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Epilepsy Center

At a Glance: Our Epilepsy Center

A worry we hear frequently from our epilepsy patients is feeling scared, or even trapped, as they anticipate their next seizure; not knowing the circumstances that will surround it. At the Barrow Epilepsy Center, we understand that the first step to alleviating these fears is finding concrete answers, starting with the root cause of you or your loved one’s epilepsy.

This is only the first step in creating a tailor-made treatment plan: at the core of our clinical Epilepsy Center is a collaborative team of epileptologists and an advanced epilepsy monitoring unit where our patients have access to advanced diagnostics and a swath of specialists—all on one campus. Together, we monitor seizures as they happen using specialized equipment, then create a custom treatment plan that can include epilepsy medication, surgical procedures, or a combination of both.

We realize the process of finding the optimal treatment for epilepsy can take longer than most patients would like. To stay the course, we commit to weekly meetings with every one of our epilepsy specialists make sure your treatment plan is being appropriately tracked and discussed. Here, you’ll rest assured you’re receiving the right treatment at the right time.

For more information about the Epilepsy Center at Barrow Neurological Institute, please call (602) 406-6262.

Vladimir Shvarts, MD, director of the Barrow Epilepsy Center

The Barrow Difference

The Epilepsy Center at Barrow Neurological Institute is an internationally recognized leader in the diagnosis and treatment of epilepsy.

In fact, our Epilepsy Center has received accreditation as a Level 4 Comprehensive Epilepsy Center from the National Association of Epilepsy Centers. This designation recognizes epilepsy centers with the professional expertise and facilities necessary to provide the highest level of medical and surgical evaluation, as well as treatment, for patients with complex epilepsy.

doctor and patient talking

Magnetoencephalography (MEG)

Magnetoencephalography (MEG) uses advanced superconducting technology to measure tiny magnetic fields in your brain. Unlike EEG, the magnetic fields detected with MEG are not disrupted by the skull, allowing us to locate signals that EEG may miss. We use MEG to help identify surgical candidates and guide surgical approaches for people with epilepsy or brain tumors. The MEG system at Barrow is the only device of its kind in Arizona.

For patients with epilepsy, MEG plays a crucial role in mapping possible seizure origins and identifying brain areas to preserve during surgery. This helps our team devise tailored treatment plans to alleviate seizures while minimizing the risk of cognitive impairment.

Combining MEG and EEG with other neuroimaging tools in our testing laboratory enhances our ability to pinpoint the source of seizure activity with great accuracy. Additionally, our team works directly with the neurosurgeons at Barrow to develop highly personalized surgical strategies.

doctor analyzing brain scans on a digital tablet

Epilepsy Monitoring Unit (EMU)

The Barrow Epilepsy Monitoring Unit (EMU) has 12 beds wired for continuous video-EEG, which allows for continual monitoring of patients’ brain wave activity. Patients are admitted to the EMU for a variety of reasons, including but not limited to:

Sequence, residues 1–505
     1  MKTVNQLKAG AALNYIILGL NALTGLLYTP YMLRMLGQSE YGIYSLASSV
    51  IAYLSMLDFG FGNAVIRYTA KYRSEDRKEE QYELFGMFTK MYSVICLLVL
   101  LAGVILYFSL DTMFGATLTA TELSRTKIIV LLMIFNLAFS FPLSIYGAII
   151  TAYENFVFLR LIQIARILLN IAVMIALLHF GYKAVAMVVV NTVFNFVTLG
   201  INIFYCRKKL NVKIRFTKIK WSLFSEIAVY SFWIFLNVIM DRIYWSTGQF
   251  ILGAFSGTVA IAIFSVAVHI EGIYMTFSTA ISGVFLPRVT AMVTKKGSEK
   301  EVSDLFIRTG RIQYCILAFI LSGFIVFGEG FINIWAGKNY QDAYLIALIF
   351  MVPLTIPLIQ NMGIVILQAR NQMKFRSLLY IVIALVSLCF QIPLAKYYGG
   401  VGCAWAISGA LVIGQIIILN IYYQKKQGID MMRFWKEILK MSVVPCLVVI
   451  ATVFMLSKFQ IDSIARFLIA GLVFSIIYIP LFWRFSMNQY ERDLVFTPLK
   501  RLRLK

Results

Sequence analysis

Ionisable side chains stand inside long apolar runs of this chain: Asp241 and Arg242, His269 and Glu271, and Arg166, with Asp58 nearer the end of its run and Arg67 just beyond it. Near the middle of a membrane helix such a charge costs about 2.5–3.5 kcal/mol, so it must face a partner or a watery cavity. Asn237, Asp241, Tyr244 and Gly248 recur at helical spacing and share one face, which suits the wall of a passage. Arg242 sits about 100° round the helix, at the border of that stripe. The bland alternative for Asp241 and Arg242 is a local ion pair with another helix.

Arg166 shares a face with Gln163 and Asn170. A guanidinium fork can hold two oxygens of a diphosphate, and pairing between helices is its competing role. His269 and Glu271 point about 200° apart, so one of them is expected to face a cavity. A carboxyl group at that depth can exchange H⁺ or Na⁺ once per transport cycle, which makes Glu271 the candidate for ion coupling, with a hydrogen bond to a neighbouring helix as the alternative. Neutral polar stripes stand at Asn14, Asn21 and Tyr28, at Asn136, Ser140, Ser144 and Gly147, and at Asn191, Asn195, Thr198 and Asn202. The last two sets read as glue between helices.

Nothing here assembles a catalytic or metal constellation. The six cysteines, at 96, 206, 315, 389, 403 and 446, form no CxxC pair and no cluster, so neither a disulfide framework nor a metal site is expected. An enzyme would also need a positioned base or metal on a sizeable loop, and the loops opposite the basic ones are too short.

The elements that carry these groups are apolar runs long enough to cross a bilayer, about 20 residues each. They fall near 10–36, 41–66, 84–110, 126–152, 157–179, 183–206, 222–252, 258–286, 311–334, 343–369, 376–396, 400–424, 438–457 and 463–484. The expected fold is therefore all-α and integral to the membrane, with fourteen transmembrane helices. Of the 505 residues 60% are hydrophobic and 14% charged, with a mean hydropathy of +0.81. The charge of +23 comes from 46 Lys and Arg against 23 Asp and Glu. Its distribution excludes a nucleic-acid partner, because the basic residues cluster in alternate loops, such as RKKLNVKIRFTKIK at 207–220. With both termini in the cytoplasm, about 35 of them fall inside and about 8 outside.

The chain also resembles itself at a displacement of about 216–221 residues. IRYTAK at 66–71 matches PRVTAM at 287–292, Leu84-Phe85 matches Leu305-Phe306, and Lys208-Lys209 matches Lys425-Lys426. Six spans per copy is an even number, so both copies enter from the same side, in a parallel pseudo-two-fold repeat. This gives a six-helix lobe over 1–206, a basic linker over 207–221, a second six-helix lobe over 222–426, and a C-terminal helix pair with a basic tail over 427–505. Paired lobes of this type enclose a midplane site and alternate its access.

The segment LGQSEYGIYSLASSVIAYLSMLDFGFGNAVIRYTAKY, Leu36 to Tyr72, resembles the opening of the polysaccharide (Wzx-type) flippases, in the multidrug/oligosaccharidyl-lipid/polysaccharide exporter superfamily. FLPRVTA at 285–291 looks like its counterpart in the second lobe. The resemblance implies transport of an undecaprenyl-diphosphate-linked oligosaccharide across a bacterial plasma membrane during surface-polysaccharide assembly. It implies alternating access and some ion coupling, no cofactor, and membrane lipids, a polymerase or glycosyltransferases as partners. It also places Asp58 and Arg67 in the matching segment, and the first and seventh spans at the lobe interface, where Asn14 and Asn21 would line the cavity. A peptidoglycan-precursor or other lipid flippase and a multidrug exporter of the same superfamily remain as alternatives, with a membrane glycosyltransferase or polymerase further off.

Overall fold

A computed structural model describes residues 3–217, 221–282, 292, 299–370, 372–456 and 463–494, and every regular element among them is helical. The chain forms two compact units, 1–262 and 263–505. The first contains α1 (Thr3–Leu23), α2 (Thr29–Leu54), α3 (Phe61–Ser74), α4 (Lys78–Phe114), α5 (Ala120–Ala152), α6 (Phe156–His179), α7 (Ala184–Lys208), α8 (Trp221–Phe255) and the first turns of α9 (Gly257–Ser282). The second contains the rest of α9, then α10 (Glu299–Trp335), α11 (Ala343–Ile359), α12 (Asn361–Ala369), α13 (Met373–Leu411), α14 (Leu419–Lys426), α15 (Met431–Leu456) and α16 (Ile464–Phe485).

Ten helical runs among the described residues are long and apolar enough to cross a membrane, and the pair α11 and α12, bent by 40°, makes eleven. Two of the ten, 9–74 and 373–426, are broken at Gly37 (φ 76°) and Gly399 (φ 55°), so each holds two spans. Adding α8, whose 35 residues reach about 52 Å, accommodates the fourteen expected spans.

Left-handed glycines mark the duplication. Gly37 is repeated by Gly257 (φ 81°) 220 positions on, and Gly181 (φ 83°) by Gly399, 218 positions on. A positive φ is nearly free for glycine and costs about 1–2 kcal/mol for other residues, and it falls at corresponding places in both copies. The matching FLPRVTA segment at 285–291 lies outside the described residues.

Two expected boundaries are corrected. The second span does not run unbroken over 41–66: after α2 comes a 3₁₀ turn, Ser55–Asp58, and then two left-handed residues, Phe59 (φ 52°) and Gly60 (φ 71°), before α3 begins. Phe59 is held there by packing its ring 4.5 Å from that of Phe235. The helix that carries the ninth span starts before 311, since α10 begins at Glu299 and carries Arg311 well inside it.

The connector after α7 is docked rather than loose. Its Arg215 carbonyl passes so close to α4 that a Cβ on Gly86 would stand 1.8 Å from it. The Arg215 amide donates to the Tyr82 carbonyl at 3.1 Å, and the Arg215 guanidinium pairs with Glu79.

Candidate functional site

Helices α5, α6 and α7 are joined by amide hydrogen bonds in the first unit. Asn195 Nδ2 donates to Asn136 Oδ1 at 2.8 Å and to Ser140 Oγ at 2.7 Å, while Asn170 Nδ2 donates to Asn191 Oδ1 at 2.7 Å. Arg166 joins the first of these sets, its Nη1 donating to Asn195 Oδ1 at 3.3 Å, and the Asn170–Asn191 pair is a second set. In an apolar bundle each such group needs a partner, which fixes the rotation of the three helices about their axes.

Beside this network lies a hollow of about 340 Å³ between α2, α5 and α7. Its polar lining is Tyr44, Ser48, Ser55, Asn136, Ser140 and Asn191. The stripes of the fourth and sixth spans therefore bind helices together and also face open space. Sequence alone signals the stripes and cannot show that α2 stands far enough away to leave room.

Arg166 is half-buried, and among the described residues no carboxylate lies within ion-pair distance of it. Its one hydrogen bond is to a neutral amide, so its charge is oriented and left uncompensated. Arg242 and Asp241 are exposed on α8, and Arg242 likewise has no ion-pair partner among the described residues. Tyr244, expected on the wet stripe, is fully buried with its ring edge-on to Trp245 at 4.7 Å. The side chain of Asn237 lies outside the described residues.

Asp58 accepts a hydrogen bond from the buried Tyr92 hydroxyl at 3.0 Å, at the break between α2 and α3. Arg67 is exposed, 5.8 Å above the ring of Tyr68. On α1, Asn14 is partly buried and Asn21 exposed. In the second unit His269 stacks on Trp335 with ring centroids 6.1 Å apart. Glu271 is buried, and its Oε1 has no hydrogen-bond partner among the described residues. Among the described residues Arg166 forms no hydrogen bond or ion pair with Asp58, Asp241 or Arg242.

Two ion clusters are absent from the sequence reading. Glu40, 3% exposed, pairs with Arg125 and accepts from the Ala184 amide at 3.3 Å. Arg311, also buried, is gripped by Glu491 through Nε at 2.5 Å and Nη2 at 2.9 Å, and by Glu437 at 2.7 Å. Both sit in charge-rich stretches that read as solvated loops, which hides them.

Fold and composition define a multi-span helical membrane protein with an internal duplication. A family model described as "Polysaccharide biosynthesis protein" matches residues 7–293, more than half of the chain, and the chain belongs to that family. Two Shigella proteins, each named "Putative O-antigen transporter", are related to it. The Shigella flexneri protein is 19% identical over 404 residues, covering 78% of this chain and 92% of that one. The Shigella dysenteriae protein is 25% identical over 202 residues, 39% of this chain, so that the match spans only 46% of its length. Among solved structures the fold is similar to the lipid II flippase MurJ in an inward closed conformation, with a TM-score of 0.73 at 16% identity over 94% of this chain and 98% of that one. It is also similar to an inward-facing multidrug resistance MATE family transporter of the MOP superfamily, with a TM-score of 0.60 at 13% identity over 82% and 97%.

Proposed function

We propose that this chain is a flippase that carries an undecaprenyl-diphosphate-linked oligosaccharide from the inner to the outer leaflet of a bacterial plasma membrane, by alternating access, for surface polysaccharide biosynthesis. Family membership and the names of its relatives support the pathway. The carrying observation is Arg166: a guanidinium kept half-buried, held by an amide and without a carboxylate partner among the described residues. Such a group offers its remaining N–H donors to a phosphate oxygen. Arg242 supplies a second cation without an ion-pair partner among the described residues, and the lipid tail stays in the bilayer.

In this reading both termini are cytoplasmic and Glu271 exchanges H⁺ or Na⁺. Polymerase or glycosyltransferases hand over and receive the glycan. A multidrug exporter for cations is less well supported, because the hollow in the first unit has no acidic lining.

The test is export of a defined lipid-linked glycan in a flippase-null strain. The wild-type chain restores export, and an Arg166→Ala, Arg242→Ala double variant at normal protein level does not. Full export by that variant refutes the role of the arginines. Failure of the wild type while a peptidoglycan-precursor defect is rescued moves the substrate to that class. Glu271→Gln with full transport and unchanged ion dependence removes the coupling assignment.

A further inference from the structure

• To determine the nature and cause of seizure activity
  • To adjust medications for epilepsy and seizures
  • To evaluate and plan for epilepsy surgery.

Typically, people are admitted to the EMU for multiple days to accomplish these goals. During this time, brain waves and physical activity are continuously monitored through simultaneous EEG and audio/video observation. It’s our goal that admission to the EMU is an educational experience, allowing you to learn more about your seizures, epilepsy in general, and possible treatments that can alleviate or eliminate your symptoms.

neurosurgical oncologist kris smith in the operating room

Epilepsy Surgery Program

The Barrow Epilepsy Surgery Program is a collaborative partnership between the Departments of Neurosurgery, Neurology, Neuropsychology, and Neuroradiology to provide hope for people with epilepsy that doesn’t respond to medications. For many of these patients, surgery can significantly improve their quality of life and reduce or eliminate seizures.

Patients considering epilepsy surgery participate in an evaluation that includes:

  • Evaluation in our epilepsy monitoring unit
  • MRI scans, PET scans, Wada, High Density EEG, and MEG neuroimaging for a sophisticated analysis and review in our epilepsy surgical conference to determine which procedure will be most beneficial

Our team performs between 50-100 epilepsy surgeries each year. These include intracranial EEG procedures, the placement of all available neuromodulation devices—vagal nerve stimulation (VNS), deep brain stimulation (DBS), and responsive neurostimulation (RNS)—as well as laser-based approaches and minimally invasive resections.

Portrait of Anna Costina in the Epilepsy Monitoring Unit

"I want to be the place where everyone clamors to be employed and all the patients travel from far and wide to get their neurodiagnostics needs met."

Anna Costina Manager, Barrow Electroneurodiagnostics


Barrow Neurological Institute campus in 3D

Support & Wellness


Nutrition for Epilepsy

Nutrition for Epilepsy

Seizure Action Plan and Rescue Medicines

Seizure Action Plan and Rescue Medicines

Epilepsy Overview

Epilepsy Overview

Minding What Matters Most

Minding What Matters Most